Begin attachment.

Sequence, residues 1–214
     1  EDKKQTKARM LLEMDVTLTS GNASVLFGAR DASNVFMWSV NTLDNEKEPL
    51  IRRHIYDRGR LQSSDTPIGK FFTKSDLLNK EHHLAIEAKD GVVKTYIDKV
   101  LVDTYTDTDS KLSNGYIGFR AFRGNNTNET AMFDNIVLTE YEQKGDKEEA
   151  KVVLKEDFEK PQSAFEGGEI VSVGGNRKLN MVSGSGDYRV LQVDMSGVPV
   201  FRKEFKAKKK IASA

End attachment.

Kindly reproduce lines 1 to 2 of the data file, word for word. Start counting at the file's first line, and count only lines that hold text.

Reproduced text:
Sequence, residues 1–214
     1  EDKKQTKARM LLEMDVTLTS GNASVLFGAR DASNVFMWSV NTLDNEKEPL